It would be nice if the competition made things better, but it doesn’t. We basically have 3 monopolies, each with abusive pricing (text messaging?), and terrible service.

  4. I am not missing the point, Om, notice the terminology used. :)

    Yes, it’s old-school at the moment, but improving it is not complicated. Motorola has a solution already – http://broadband.motorola.com/ips/pdf/Cellular_Backhaul.pdf

    Besides, markets with 3G fully deployed can’t possibly be on T1s at this stage anymore.

    I remember the oversubscribed dialup lines from 1990s, so this is really nothing new. At first we had different tiers of providers. Competition forced everyone to upgrade to 56K V.90 evenfually. K56Flex was interesting in the meantime. But what most people may not know is how that was accomplished – ISPs upgraded to DS-1 termination equipment.

    Now we are witnessing the same change. Except this time it’s the DS-1 circuits that are no longer adequate for data (GSM is a rather thrifty codec in terms of voice quality, which is why you only need 13kbps to transmit it) and metro Ethernet is replacing it. http://www.fatpipemagazine.com/articles.php?issue_id=32&article_id=164

    In terms of profit, providing pure voice is a lot more profitable than having to provide all that high speed data. Unfortunately for them, we want more for less. :)

  5. Would now be a good time to invest in companies that provide wireless back-haul equipment??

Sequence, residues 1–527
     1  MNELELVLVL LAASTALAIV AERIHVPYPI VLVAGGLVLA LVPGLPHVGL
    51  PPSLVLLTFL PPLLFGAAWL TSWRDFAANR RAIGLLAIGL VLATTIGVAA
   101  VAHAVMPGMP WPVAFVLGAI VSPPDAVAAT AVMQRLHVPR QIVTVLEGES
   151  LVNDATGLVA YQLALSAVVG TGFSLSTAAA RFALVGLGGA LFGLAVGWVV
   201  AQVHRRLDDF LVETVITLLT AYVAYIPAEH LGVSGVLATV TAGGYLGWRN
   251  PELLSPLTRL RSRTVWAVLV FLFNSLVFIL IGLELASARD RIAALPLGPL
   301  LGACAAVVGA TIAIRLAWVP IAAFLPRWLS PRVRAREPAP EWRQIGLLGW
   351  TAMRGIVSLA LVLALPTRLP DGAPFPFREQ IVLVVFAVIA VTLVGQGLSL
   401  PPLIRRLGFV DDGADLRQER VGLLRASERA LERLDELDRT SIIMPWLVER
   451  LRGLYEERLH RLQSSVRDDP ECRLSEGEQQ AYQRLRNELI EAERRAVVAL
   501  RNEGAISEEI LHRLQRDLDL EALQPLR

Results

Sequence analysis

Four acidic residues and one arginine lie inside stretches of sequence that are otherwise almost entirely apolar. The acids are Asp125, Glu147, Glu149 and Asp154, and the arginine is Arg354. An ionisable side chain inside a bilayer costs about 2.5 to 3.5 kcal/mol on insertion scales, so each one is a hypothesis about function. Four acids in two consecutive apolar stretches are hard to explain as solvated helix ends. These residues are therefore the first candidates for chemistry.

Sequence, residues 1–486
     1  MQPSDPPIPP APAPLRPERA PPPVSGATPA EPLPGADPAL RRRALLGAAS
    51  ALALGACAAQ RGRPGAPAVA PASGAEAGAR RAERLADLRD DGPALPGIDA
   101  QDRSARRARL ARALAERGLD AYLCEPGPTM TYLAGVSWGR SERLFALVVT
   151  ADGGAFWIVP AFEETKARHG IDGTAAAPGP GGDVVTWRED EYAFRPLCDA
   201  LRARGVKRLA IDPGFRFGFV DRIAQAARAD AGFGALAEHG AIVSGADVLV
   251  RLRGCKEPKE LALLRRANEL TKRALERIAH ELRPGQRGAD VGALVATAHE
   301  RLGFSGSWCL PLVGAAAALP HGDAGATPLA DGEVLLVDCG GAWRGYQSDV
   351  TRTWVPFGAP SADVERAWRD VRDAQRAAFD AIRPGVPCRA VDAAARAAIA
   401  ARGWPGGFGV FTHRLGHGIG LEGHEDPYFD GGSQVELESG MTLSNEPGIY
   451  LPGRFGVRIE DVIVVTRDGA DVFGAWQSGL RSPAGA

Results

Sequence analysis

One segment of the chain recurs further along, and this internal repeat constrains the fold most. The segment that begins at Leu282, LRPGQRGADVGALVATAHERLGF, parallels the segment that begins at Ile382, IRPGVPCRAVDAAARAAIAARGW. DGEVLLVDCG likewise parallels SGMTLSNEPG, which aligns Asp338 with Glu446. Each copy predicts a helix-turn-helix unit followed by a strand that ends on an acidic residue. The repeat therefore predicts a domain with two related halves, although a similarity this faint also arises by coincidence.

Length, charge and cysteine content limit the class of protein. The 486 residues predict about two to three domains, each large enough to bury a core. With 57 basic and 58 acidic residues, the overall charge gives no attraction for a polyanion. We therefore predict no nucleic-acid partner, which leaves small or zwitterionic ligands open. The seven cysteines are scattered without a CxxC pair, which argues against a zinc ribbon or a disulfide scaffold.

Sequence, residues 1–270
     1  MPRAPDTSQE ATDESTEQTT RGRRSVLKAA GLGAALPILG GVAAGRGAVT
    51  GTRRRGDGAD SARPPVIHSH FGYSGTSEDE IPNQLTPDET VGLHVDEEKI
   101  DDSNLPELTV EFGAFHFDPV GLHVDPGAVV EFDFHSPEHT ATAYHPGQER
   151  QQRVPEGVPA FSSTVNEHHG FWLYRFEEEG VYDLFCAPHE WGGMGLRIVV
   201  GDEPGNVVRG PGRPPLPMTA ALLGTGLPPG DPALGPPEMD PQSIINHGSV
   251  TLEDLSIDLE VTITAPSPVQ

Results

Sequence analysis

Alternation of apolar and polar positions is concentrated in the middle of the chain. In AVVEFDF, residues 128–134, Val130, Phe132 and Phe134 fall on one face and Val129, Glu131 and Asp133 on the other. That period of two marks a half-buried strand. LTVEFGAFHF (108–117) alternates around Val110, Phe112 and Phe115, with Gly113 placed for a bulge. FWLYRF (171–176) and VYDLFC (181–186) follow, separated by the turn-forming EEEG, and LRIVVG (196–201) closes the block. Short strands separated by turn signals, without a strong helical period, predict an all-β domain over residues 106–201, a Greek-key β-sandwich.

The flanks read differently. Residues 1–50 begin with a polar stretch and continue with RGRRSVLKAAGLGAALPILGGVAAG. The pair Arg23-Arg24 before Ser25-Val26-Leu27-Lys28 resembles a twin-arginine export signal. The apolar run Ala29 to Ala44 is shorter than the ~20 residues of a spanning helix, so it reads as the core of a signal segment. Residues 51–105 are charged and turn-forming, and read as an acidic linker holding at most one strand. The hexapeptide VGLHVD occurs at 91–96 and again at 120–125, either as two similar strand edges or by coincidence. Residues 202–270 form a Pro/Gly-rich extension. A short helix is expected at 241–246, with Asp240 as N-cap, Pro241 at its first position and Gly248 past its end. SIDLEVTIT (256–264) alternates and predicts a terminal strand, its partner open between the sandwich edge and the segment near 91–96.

6. Why not take this as an opportunity to visit Romania, Bulgaria, Estonia, or a number of other European countries where 3G broadband has been working just fine for quite some time now.

  7. Why is it I keep hearing claims that this tiny portion of users (yes, check the stats) can affect the entire network? If this tethering were allowed for Windows Mobile users which account for a MUCH larger group of users (yes, check the stats again) then I could understand concern about bringing a whole network down. Just because the iphone has more hype and more people yelling about it, does NOT mean there are more users.

  8. [...] the original:  iPhone Tethering? Be Careful What You Wish For!SHARETHIS.addEntry({ title: “iPhone Tethering? Be Careful What You Wish For!”, url: [...]

  9. Jacob Varghese Monday, January 12, 2009


    While the iPhone makes up a smaller percentage of smartphones, the users make up a much larger percentage of mobile web usage.

    “Combined, the iPhone and iPod Touch represent 15.5 percent of all worldwide requests. In the U.S., the iPhone OS (if you include the iPod Touch) now accounts for 48 percent of the smartphone market.”

    I have an e71 and I am quite envious of the mobile web experience on the iPhone.

  10. When AT&T Wireless was Cingular, around 10 years ago, their network couldn’t support voice traffic for the accounts they sold, resulting in dropped calls and “person not available – try again later” messages for those trying to call Cingular phones. They didn’t listen to customer complaints, so they and SPRINT were sued by the FCC to stop them from selling more accounts until their networks could support them. When they became AT&T they increased prices (for call forwarding) in the middle of customer contracts and then refused to refund equipment costs for those who wouldn’t accept the changes. Then they wouldn’t return positive balances after customers disconnected until the customers threatened to sue.

    AT&T’s problems aren’t those of an early adopter (plenty of real early adopters in Japan, Korea and Europe). It is a company to be avoided where possible.